MEXICO CITY -- MEXICO CITY (AP) — Human rights groups hailed on Thursday a Mexican Supreme Court decision to free a man who claimed soldiers tortured him into confessing to having played a role in a drug-related massacre.
The court ruled that 28-year-old Israel Arzate Melendez's confession wasn't valid because he talked to soldiers rather than prosecutors, as the law requires.
"There's no justice with scapegoating," Arzate said Thursday in a press conference. "They wanted to catch an innocent man and make him guilty."
Human Rights Watch said the decision sends a clear message that evidence obtained through torture won't be accepted. Activists have complained of human rights abuses by Mexican security forces in regions where troops have been deployed to fight drug cartels.
Arzate's case was among dozens cited by Human Rights Watch in an investigation published two years ago.
Arzate said soldiers snatched him off the street, gave him electric shocks and asphyxiated him. He claimed they also said that his wife would be raped and killed unless he admitted to a role in the 2010 killing of 15 mostly teenagers at a party in Ciudad Juarez. The massacre was one of the worst attacks since Mexico launched an offensive against drug cartels in late 2006.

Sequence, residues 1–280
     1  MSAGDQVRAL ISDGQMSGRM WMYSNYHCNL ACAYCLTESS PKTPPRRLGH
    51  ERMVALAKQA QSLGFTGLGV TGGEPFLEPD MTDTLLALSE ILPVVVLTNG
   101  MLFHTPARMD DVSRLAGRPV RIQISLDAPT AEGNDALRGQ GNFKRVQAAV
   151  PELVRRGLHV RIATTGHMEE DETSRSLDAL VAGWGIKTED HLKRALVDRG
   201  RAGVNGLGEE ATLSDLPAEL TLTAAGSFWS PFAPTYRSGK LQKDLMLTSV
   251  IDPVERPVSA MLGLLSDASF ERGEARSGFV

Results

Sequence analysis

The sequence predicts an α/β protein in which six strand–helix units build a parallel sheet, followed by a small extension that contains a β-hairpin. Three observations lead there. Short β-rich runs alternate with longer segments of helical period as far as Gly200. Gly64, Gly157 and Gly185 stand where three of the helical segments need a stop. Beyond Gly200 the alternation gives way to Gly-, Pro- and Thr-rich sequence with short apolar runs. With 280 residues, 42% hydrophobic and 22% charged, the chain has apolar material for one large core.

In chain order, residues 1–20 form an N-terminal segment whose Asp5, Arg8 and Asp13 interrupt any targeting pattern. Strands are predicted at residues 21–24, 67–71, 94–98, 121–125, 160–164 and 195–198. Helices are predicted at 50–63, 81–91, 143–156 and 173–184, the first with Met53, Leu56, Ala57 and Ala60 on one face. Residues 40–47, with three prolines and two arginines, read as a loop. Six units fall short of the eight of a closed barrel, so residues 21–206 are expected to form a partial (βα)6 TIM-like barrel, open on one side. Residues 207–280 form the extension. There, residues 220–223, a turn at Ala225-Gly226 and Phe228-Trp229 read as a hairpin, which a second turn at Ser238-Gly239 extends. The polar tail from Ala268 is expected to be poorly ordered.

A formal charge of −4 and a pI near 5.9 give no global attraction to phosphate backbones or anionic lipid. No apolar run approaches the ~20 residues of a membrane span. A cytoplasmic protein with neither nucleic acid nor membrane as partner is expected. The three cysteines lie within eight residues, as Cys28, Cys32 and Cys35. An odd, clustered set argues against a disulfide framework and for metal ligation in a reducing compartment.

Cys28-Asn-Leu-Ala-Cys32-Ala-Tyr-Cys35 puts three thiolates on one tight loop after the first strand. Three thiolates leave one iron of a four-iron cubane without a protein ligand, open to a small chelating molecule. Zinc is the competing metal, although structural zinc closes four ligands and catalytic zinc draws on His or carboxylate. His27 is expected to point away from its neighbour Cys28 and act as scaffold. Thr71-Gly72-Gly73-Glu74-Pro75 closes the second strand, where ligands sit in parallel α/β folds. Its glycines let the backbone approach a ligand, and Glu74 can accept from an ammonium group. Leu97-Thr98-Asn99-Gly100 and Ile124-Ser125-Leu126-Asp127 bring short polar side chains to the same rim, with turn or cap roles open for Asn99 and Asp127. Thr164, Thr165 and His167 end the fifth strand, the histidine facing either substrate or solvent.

A judge had previously said that his forced account was too detailed to be fabricated.
Relatives of the victims of the massacre say it is a shame that the torture allegation did away with witness testimony.
"People saw him there the day of the massacre but the court decides that doesn't count," said Arcelia Medrano, mother of one of the victims. "All that evidence got us nowhere because Arzate was tortured."
Amnesty International said Arzate's case highlights the weaknesses of Mexico's justice system in solving high-profile cases.
Four other men have been convicted of participating in the massacre as members of the Juarez Cartel.
A former police officer who became a top Juarez Cartel figure pleaded guilty of ordering the attack in a U.S. Court and was sentenced to life in prison. He was tried there because he also faced charges in the slayings of a U.S. consulate employee and her husband.
Associated Press writer Ricardo Chavez contributed to this report from Ciudad Juarez, Mexico.